T.C. Memo. 2015-164 Docket No. 21510-13.
Edward N. Tobias and Suzanne M. Koegler, pro sese. Kristina L. Rico, for respondent.
Edward N. Tobias and Suzanne M. Koegler, pro sese. Kristina L. Rico, for respondent. MEMORANDUM FINDINGS OF FACT AND OPINION
LAUBER, Judge: The Internal Revenue Service (IRS or respondent) determined a deficiency of $76,359 in petitioners' 2010 Federal income tax. After concessions, the issues for decision are: (1) whether petitioners are taxable on a withdrawal from a variable annuity contract; (2) whether petitioners are liable under section 72(q) for a 10% penalty for a premature distribution from that annuity contract; and (3) whether respondent may amend his answer to assert, and whether petitioners are liable for, the accuracy-related penalty. We resolve all issues in respondent's favor.
All statutory references are to the Internal Revenue Code (Code) in effect for the tax year at issue, and all Rule references are to the Tax Court Rules of Practice and Procedure. We round most monetary amounts to the nearest dollar.
Respondent determined, and petitioners concede, that petitioners omitted from their 2010 return $55 of interest income and $20 of dividend income.
FINDINGS OF FACT
Some of the facts have been stipulated and are so found. We incorporate the stipulation of facts and the accompanying exhibits here by reference. Petitioners resided in New Jersey when they petitioned this Court.
In 2010 petitioner-husband was self-employed as an attorney and petitioner-wife was employed full time as a school administrator. Petitioner-husband holds an inactive C.P.A. license. Petitioner-wife suffers from rheumatoid arthritis, with which she was diagnosed before 2010. Her illness caused her to retire from full-time work in late 2013.
In April 2003 petitioners purchased a variable annuity from Allstate Life Insurance Company (Allstate) for an initial investment of $228,800. In order to make this purchase, petitioners sold, at a loss of $158,000, securities that petitioner-wife had inherited from her parents several years previously. Between 2003 and 2006 petitioners made additional after-tax investments of $346,154 in the Allstate annuity contract.
In March 2007 petitioners surrendered the Allstate annuity and transferred the proceeds to a variable annuity from ING USA Annuity & Life Insurance Company (ING). The value of the Allstate annuity at that time was $794,493, reflecting petitioners' investment of $574,954 ($228,800 + $346,154) and $219,539 in accrued earnings. Because Allstate passed the proceeds directly to ING, this transfer qualified as a nontaxable like-kind exchange under section 1035. Petitioners thus retained the same principal and accrued earnings amounts in the ING annuity, which had an annuity starting date of February 3, 2047.
On November 16, 2010, petitioners withdrew $525,000 from the ING annuity to fund the purchase of (and later improvements to) their current residence. At the time of this distribution, the cash value of the annuity was $761,256 and the accrued earnings were $186,302. When making this withdrawal, petitioners declined to have any tax withheld. At year end 2010 ING issued to petitioners a Form 1099-R, Distributions From Pensions, Annuities, Retirement or Profit-Sharing Plans, IRAs, Insurance Contracts, etc., reflecting this withdrawal. The Form 1099-R reported the taxable amount as $186,302 and listed the distribution code for "early distribution, no known exception."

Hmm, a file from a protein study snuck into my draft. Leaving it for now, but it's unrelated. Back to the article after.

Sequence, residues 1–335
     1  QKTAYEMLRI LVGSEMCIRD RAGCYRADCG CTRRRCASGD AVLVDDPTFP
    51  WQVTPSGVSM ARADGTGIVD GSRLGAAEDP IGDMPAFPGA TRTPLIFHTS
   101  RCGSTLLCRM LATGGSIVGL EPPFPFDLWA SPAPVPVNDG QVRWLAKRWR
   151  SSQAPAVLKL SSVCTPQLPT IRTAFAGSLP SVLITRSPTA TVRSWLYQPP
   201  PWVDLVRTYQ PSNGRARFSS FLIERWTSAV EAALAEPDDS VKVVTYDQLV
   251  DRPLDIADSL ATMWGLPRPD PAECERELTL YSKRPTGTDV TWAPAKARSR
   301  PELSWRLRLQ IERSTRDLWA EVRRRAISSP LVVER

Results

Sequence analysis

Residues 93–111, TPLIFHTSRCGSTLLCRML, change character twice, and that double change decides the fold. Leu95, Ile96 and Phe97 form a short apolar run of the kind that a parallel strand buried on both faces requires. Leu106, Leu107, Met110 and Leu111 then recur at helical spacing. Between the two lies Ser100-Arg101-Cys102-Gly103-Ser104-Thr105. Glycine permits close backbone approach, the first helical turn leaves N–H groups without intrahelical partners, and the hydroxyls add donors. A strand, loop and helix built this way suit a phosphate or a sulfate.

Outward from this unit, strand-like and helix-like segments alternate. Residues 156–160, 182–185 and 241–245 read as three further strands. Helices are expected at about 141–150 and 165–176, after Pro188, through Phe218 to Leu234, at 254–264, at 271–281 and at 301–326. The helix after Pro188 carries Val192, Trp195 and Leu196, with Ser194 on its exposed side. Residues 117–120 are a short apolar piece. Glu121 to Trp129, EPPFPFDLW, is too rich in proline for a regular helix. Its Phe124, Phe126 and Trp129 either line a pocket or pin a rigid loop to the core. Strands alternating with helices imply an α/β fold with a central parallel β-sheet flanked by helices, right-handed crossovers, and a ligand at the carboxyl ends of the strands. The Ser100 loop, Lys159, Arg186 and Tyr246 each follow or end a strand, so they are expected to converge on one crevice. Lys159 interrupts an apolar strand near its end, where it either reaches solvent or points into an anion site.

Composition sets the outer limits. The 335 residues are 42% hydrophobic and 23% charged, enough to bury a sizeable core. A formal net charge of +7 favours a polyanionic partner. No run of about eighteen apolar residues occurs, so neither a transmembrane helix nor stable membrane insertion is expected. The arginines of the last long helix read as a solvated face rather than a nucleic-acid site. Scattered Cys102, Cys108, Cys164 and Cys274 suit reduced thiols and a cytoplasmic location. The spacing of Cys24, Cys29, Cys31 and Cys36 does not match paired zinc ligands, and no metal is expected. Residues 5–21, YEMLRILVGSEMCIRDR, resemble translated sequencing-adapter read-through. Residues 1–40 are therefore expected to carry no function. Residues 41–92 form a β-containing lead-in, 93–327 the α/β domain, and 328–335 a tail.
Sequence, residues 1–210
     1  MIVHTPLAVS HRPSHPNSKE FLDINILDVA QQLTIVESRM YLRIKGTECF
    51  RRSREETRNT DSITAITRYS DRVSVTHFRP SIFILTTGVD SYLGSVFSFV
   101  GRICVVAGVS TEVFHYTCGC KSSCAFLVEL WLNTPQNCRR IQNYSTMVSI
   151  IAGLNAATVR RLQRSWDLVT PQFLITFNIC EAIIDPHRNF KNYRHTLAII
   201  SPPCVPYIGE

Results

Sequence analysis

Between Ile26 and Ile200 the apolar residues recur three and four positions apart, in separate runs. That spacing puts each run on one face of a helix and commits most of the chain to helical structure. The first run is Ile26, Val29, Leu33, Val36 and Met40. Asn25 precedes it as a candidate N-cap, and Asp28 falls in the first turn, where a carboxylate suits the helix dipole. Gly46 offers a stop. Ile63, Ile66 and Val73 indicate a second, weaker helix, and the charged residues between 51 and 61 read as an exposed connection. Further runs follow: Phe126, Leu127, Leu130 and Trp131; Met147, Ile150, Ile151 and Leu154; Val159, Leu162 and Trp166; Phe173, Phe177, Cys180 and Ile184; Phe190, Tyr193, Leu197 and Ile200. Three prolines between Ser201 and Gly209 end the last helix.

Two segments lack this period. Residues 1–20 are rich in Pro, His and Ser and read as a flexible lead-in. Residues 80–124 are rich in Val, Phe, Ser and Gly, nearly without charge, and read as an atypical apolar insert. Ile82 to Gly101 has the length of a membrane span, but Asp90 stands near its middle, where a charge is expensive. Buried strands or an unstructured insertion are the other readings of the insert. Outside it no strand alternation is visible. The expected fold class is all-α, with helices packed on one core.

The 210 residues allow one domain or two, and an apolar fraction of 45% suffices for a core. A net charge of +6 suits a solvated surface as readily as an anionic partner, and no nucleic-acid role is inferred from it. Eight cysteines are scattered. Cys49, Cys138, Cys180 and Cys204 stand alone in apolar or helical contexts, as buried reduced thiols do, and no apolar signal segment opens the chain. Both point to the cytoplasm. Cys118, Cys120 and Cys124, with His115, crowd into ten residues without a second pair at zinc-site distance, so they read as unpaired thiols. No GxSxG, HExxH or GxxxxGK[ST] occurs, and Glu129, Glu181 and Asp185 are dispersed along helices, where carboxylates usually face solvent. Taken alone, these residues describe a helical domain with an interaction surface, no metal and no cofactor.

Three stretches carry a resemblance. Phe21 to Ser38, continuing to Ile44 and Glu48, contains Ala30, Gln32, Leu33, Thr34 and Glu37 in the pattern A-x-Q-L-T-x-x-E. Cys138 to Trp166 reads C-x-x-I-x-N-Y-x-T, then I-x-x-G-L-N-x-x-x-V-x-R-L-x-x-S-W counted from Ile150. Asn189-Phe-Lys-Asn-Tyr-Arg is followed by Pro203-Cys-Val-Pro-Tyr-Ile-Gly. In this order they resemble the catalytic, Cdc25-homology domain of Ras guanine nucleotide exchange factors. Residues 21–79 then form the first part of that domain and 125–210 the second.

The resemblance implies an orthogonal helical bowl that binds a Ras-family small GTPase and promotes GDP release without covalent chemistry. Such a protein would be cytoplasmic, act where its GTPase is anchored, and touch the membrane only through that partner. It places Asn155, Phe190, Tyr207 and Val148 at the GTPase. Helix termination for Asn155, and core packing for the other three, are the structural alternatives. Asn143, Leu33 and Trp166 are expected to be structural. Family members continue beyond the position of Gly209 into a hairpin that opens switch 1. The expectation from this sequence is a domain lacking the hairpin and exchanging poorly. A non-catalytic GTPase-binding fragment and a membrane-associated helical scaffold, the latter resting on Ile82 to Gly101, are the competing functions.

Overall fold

Petitioners jointly filed their 2010 Federal income tax return on October 21, 2011. They did not report any retirement income on this return. Instead, they included a Form 4852, Substitute for Form W-2, Wage and Tax Statement, or Form 1099-R, noting the $525,000 withdrawal and checking the box for "taxable amount not determined." They offered this explanation:
The [ING annuity] account was funded with after-tax funds and all withdrawals have been made prior to annuitization. Accordingly, any potential gains should be applied to the prior capital loss carryforward, which is approximately ($148,000). Additionally, this account has not recouped losses incurred in prior years and has incurred substantial withdrawal penalties; the calculation made by ING is incorrect and is contested.
Petitioners did not attach to their return Form 5329, Additional Taxes on Qualified Plans (Including IRAs) and Other Tax-Favored Accounts, which provides the vehicle for claiming an exception to the section 72(q) penalty for premature distributions from annuity contracts.
Petitioners' 2010 return included a Schedule D, Capital Gains and Losses, that reported a $148,396 long-term capital loss carryforward from prior years. On line 13 of their 2010 return petitioners deducted $3,000 of this loss against ordinary income. They had done the same every year since 2003.
The IRS initiated an examination of petitioners' 2010 return due to the mismatch between their reported retirement income and the amount shown on the Form 1099-R that ING supplied. Upon completion of the audit, the IRS increased petitioners' taxable retirement income by $186,301 and imposed under section 72(q) a penalty of $18,630 on the premature distribution. The IRS mailed petitioners a timely notice of deficiency, and they timely petitioned this Court.
The retirement income reported on the Form 1099-R was $186,301.59, and the IRS evidently rounded this down to $186,301.
In his pretrial memorandum respondent indicated that he intended to file a motion for leave to amend the answer to assert under section 6662 a 20% accuracy-related penalty for a substantial understatement of income tax. When making this motion at trial, respondent did not offer any reason for failing to assert the penalty previously. Petitioners objected, contending that their return position was legally justified; they did not argue or present evidence that they would be prejudiced if we granted respondent's motion, which we took under advisement.
I. Burden of Proof
The Commissioner's determinations in a notice of deficiency are generally presumed correct, and the taxpayer has the burden of proving them erroneous. Rule 142(a); Welch v. Helvering, 290 U.S. 111, 115 (1933). Petitioners do not contend, and the evidence does not establish, that the burden of proof shifts to respondent under section 7491(a) as to any issue of fact.
Section 6201(d) provides that the IRS in certain circumstances cannot rely solely on information returns to establish unreported income but "shall have the burden of producing reasonable and probative information" in addition thereto. This provision applies only where the taxpayer "asserts a reasonable dispute with respect to any item of income reported on an information return." Petitioners have not asserted a "reasonable dispute" concerning the amount of the distribution they received from ING. Nor have they alleged that ING made any factual error in calculating the taxable portion of this distribution.